Former governor talks about past, future
Monday, January 14, 2013 9:00 PM
Before Gov. Mitch Daniels cleaned out his office at the Statehouse, he was kind enough to spend a little time with a few newspaper types from around the state. I've never made any secret out of being a fan of our departed governor, and this conversation during his final hours did nothing to change my mind.
Daniels talked about a variety of things. From the highlights and lowlights of his eight years as Indiana governor to education reform, the challenges and opportunities awaiting him at Purdue University, his view on issues facing our country and even his future - or lack of - in politics down the road.
The following are just some of the takeaways from a conversation with Indiana's 49th governor.
On moving to Purdue and comparisons to former jobs: I hope some operating principles apply. Everywhere, I've been, including private business, success happens when you get people to move in a common direction.
I've said to folks at Purdue that every dollar we spend comes from a family or a taxpayer. We have a profound duty to spend it wisely. Times are tougher - tuition is higher - people are challenging the value of higher education and we must answer that challenge.
One of the things we have done (in the governor's office) is regularly met with the presidents of our seven state universities. Over and over we found that they had to come to the state to get permission to do the most common things. I suppose that was natural when the state was providing (the majority of their money). They are highly, highly regulated. Let's modernize and hold them accountable for the results instead of coming to Indianapolis all the time.
On new Indiana Gov. Mike Pence: We've had lots and lots of visits. We've been in regular touch. I'm really pleased with the enormous amount of continuity (with staff members staying on from the Daniels administration). That will help (the transition) and the people of the state of Indiana.
On the state of the nation and the growing national debt: Well, we've wasted more time (since he wrote about the issue in his book, Keeping the Republic in 2011). The problems of our debt have gotten worse. I'm still a believer that the majority of people can be assembled to understand the facts (and make the changes needed). I contend that Indiana is a study that says you can do that. I really do take encouragement from what Indiana has done.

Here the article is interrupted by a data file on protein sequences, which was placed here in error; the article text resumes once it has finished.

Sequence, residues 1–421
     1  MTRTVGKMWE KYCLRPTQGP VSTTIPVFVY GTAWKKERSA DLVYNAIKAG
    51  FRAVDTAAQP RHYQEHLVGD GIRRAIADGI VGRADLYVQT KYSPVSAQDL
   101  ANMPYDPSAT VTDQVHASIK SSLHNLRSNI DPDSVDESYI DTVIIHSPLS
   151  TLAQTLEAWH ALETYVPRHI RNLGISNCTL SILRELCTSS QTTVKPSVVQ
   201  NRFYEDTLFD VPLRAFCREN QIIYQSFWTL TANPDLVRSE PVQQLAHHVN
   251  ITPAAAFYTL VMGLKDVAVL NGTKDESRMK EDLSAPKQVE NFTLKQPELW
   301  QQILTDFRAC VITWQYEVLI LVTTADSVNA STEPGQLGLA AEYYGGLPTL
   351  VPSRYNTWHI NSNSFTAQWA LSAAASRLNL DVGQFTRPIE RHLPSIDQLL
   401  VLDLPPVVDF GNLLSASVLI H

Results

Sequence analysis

On the state of education reform in Indiana: All indicators are up. Education reform is as close to a bi-partisan effort as I can name. I received a call from a representative from the Obama administration who wanted to express their disappointment over (state school superintendent) Tony Bennett (losing the election). But let's give (the opposition) credit. They ran a very good campaign.
On some of the accomplishments from his eight years as governor: We try to hunt big game every year. We have improved the business climate, we have improved our infrastructure, we have lowered our taxes and locked them down. We have improved education. We have shaped our state government and created a culture of high performance. We measure everything. We have the fewest state employees per capita in the nation and we have the fewest state employees that Indiana has had since 1976. But even with (fewer staff), service has improved.
On the future after Purdue: Well, I haven't really considered (a bucket list) very much. I suppose that a no-plans, no-deadlines western motorcycle trip was something we thought about. I do want to stay in shape, eat right, and be around for the grandchildren, long enough to see them graduate.
On any future political career: I swore off politics the day I accepted (the Purdue) job and we have kept to that and will. Assuming (Purdue) works out, I believe by the time we're done there we'll be pretty well spent and will be ready to step aside.
For whatever it's worth from this little corner of the state, thanks Gov. Daniels for a great eight years and here's hoping Purdue won't be your last stop in public service.
Two cents, which is about how much Timmons said his columns are worth, appears most Tuesdays in The Paper. Timmons is the publisher of The Paper and can be contacted at firstname.lastname@example.org.